How to Survive an Avalanche?

The victims are typically backcountry recreationalists—skiers, snowboarders, climbers, and snowmobilers. Snowmobilers account for twice as many avalanche fatalities as the other groups, mostly because of their surging numbers, and also because the weight of the snowmobile and rider is greater than that of a person on skis, making them more likely to stress the weak layer in a snowpack and set off an avalanche. Avalanche victims are often risk takers that set aside safety concerns in the pursuit of their goals, and 89% of them are men.

"Caught in an Avalanche while snowboarding"

While the majority of avalanches happen naturally, 90% of avalanche fatalities occur in avalanches triggered by the victim himself, or by someone in the victim’s party. So avalanches aren’t exactly freak accidents, and there is a lot you can do to avoid getting swept up in one and to increase your chances of survival if you do.
Sarah Carpenter, an instructor at the American Avalanche Institute tell us how to prepare for, survive, and help a buddy out of an avalanche.

How to Survive an Avalanche?

"Avalanche Cliff Jump with Matthias Giraud"
Skiers Matthias Giraud and Stefan Laude try to outrun a massive avalanche in the French Alps. The only problem? Their escape route.

Avalanches will never be 100% avoidable, but understanding and watching for the elements that make avalanches more likely to occur can significantly reduce your risk of becoming a victim of one.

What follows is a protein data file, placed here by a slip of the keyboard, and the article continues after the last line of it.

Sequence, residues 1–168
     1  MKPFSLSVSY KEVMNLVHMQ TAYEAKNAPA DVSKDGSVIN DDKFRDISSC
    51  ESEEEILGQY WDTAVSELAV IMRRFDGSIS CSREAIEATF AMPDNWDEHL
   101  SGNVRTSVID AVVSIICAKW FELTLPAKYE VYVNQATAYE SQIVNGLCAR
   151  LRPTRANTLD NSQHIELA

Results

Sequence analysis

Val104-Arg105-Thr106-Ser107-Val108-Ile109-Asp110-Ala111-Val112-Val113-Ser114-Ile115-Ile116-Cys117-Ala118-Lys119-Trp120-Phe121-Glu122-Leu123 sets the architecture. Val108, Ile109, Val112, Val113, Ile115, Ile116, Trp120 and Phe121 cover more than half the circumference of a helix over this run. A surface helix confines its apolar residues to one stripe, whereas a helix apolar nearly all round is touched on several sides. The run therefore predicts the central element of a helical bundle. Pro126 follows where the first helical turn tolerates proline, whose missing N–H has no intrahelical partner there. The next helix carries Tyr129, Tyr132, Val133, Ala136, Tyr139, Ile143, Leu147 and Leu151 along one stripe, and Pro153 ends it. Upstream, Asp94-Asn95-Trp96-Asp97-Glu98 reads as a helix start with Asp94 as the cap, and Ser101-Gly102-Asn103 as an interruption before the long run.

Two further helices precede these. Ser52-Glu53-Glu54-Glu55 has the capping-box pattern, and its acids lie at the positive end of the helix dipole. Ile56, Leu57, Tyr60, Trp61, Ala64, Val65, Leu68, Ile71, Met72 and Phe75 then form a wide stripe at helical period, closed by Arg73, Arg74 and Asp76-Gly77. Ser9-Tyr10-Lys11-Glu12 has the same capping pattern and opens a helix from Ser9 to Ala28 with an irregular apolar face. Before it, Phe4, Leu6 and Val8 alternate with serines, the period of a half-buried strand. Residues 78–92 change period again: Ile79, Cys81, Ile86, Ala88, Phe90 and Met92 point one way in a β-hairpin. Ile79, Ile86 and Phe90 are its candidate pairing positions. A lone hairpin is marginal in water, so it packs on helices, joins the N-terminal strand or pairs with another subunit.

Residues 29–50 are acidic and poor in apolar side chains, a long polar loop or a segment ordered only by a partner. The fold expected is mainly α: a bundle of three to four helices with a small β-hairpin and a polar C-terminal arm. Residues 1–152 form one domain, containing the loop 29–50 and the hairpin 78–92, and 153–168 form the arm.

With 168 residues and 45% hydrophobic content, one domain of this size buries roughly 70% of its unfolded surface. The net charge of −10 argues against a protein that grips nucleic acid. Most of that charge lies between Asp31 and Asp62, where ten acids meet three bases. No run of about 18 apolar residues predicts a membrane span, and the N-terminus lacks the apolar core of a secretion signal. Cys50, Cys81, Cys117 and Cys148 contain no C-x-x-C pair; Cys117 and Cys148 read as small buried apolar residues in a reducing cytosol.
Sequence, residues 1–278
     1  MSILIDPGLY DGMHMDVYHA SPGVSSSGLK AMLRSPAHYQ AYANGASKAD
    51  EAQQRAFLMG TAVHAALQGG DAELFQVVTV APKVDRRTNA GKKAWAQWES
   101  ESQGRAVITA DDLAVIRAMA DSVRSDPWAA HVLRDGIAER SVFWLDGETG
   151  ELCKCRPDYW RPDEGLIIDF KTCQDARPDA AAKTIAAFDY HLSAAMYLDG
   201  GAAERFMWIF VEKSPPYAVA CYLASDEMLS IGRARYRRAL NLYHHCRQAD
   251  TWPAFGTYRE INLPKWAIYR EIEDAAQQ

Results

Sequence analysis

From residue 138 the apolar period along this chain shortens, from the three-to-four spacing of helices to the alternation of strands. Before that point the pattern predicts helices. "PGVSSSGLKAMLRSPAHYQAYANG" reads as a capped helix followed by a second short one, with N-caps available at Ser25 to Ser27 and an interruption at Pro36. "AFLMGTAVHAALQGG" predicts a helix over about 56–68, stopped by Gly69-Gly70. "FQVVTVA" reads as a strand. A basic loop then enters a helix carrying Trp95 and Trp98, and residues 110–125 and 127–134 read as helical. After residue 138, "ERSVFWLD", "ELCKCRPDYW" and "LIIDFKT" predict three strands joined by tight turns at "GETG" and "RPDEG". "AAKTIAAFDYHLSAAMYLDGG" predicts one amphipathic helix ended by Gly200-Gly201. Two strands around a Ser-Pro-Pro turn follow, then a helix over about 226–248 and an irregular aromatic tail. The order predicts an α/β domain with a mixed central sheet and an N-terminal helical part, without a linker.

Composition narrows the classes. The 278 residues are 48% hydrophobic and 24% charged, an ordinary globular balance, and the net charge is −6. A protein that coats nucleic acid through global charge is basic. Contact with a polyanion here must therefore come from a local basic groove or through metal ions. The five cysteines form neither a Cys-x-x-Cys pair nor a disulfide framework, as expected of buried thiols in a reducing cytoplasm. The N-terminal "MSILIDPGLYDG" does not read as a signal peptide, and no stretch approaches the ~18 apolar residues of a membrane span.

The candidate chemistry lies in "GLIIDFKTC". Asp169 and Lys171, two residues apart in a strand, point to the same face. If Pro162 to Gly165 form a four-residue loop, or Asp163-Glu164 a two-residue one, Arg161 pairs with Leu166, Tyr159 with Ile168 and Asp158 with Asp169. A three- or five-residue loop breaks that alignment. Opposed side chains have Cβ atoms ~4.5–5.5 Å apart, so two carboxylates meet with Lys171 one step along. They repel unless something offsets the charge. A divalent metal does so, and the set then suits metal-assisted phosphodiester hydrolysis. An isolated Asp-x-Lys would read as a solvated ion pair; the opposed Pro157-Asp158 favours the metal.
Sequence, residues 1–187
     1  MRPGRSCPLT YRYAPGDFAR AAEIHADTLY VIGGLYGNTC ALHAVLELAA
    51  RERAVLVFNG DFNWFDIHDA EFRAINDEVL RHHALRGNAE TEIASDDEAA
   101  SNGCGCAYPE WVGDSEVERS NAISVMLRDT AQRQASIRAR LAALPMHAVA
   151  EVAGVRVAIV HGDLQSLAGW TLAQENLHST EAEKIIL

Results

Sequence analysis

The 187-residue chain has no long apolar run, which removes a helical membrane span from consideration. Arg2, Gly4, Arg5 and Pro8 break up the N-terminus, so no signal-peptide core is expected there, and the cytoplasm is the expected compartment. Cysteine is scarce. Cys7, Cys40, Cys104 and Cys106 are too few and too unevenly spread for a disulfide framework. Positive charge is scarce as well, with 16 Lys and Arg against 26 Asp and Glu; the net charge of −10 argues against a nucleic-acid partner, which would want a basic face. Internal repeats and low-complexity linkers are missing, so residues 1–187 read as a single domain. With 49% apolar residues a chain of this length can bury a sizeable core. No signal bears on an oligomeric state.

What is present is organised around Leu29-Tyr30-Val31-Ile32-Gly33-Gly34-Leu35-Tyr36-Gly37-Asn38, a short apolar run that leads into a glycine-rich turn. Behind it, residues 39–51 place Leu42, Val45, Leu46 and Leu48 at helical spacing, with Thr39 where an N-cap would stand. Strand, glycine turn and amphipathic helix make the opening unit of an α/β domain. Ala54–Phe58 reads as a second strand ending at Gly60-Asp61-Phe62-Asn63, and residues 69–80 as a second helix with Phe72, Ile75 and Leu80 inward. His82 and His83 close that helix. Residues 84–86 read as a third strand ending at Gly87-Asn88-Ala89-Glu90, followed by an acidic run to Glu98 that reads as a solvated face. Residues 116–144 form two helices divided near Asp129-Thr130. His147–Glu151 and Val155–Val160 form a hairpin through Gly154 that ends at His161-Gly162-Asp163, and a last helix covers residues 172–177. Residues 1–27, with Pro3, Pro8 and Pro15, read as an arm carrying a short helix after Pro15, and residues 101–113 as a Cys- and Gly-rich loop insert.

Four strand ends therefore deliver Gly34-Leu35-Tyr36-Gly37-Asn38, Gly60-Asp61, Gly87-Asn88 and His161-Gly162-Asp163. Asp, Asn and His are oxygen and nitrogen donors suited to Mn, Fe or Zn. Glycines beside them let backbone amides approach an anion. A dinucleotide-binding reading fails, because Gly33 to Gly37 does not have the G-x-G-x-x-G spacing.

The factors that increase (or diminish) the likelihood of an avalanche occurring are surprisingly complex—things like weather, sun, temperature, wind, the angle of the mountain’s slope, and snowpack conditions all play a role. And the avalanche hazard level can fluctuate daily and even hourly as conditions change.
Thus, the ability to scout for potential avalanches takes a goodly amount of both know-how and skill. You should be able to do things like measure the angle of the slope and test the stability of the snowpack, in addition to being trained in how to search for a buried victim using a transceiver. You also need to carry a few key pieces of equipment into the backcountry with you.

"Transceiver": Sometimes referred to as a beacon, a transceiver is a radio that both transmits and receives electromagnetic signals. If you’re buried by an avalanche, the signal from your transceiver will allow your partner to find you. But obviously you both must be wearing one, and you need to set your transceiver to transmit when you head out. People have died because they got buried with their transceiver set to receive. Using a transceiver takes skill, so you want to practice with it before your backcountry adventure.

"Avalanche probes": Using a transceiver will get you close to the victim, but a probe will allow you to pinpoint him in the snow. The best kind to get are collapsible probes that you put in your pack and assemble like a tent pole. Ski poles that can be screwed together to form a probe are also available. If you lose your probe in the avalanche, try using a long tree branch–it’s better than nothing.

"Shovel": Digging with a shovel is almost 5 times faster than digging with your hands, and as we’ll discuss below, the speed with which you can dig is absolutely critical in saving the life of an avalanche victim.

"When the Avalanche Starts"